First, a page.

Pandora Heart’s soundtrack is handled by Yuki Kajiura and her music is hard to describe in any other word than stunning. Nearly every scene that you watch will have her music playing in the background which give the feeling that the viewer is about to be drawn into the experience with her mastery of musical themes. Whether it is suspense, drama, action, or heartfelt scenes there is a musical score to go along with it.
The subtitles themselves are a white font that is easy on the eyes, unlike the yellow font which is used occasionally in other works. The subtitles are unobtrusive and don’t get in the way of the scenes at all which is a must for subbing work. There is even Opening and Ending theme translations with Japanese wording above if you feel like a little karaoke.
Pandora Hearts originally was a manga drawn by Jun Mochizuki and the Anime itself is based around the manga. Pandora Hearts focuses around the tale of Oz Vessalius, Alice (also known as Black Rabbit), and Oz’s servant Gilbert. There are plenty of moments where the story could have changed into something chopped up and broken with little flow and connection but thankfully the show sticks true to the fluid story movement mixed in with action sequences occasionally to keep the suspense going.
The world itself that the story takes place in is similar to what one would expect in a Medieval Era Europe with four different dukes and their families who have certain abilities that grant them powers. Now Oz is turning fifteen years old and that is when the Vessalius family performs something called the Coming of Age Ceremony. Oz however takes his servant Gilbert to play outside but Oz discovers a grave with a pocket watch and a cross on it.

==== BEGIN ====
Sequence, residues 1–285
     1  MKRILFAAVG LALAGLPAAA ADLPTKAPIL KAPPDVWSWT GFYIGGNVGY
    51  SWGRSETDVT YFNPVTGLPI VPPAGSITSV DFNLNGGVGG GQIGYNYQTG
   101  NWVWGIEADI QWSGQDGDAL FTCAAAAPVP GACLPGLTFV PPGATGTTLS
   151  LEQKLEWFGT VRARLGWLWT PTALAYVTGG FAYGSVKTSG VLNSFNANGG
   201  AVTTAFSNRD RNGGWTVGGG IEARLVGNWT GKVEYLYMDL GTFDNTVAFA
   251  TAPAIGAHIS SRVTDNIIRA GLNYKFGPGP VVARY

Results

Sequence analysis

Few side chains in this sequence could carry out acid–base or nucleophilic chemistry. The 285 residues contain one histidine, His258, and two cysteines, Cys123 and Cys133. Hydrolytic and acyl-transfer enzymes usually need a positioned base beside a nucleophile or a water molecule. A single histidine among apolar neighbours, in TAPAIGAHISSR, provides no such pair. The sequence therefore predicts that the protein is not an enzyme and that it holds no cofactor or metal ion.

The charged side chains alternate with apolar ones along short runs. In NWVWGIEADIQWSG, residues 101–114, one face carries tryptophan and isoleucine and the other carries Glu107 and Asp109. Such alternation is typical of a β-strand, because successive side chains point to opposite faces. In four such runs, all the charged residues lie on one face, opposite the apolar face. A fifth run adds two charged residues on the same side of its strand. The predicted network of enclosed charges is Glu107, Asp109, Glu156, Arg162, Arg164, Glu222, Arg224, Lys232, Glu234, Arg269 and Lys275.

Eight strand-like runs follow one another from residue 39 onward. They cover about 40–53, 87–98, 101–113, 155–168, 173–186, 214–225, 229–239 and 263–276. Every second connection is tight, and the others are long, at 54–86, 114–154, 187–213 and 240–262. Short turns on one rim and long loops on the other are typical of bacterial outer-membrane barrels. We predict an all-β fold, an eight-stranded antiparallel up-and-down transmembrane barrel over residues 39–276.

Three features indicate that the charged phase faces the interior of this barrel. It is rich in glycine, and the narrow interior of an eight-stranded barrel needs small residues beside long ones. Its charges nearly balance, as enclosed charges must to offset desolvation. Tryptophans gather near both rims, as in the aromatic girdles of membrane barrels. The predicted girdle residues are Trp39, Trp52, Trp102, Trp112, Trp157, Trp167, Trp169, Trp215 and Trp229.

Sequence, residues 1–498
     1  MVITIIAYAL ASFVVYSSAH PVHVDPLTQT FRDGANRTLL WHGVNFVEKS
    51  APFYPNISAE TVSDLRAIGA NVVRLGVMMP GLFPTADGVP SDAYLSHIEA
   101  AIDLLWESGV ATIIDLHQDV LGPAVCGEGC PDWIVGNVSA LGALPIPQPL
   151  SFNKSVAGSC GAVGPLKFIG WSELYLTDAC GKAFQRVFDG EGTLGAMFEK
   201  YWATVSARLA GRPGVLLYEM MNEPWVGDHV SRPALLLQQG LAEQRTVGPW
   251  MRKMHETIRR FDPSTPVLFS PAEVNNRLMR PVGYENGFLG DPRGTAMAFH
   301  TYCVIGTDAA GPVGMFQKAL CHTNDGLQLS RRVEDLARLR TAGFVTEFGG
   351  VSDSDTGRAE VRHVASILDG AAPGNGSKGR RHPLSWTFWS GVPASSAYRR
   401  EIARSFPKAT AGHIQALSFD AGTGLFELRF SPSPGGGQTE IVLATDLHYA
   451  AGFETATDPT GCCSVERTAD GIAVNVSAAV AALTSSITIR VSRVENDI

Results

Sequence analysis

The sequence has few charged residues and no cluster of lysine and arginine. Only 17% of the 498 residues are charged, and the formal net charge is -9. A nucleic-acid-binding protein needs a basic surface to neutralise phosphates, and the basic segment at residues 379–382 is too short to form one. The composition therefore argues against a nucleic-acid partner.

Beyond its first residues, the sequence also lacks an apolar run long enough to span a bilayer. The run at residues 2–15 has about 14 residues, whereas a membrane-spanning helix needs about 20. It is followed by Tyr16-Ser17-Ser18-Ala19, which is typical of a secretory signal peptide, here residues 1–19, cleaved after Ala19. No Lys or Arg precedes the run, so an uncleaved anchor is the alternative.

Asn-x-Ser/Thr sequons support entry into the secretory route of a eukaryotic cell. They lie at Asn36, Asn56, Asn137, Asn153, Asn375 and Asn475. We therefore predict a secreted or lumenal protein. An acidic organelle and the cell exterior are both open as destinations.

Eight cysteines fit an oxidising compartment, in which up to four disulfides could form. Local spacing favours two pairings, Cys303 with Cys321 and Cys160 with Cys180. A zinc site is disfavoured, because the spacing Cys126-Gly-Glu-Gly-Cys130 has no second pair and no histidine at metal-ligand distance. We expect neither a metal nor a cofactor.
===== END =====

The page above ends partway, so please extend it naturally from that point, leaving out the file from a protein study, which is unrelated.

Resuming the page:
After picking up the objects Oz sees a vision full of very creepy dolls and a mysterious girl that wants to take his life. After being shaken out of his vision by Gilbert he returns home with the pocket watch. But things are not right as the Coming of Age Ceremony is interrupted by red hooded people called The Citizens of Baskerville. They attack Oz and claim that his whole existence is a sin and perform a spell to rid the world of his presence.
Oz is sent into another dimension known as The Abyss by the spell. Remember earlier when there was mention of Alice in Wonderland and how Pandora Hearts has themes involved with it? Well The Abyss can be seen as the rabbit hole that Alice falls down, and the rabbit she finds ends up turning into something completely different. In Pandora Hearts the rabbit that Oz finds actually is a humanoid Black Rabbit named Alice.
Now inside of The Abyss not only does Oz have to deal with the fact that there are creatures within The Abyss known as Chains that want to kill him, but the fact that he is trapped there as well. This all changes when he is saved by a Black Rabbit named Alice. Alice is also a Chain and chooses to form a contract with Oz so that she can protect both herself and Oz before returning home via a magical portal from the pocket watch. They leave The Abyss only to find that much has changed since they’ve been gone, including the fact that ten years have passed.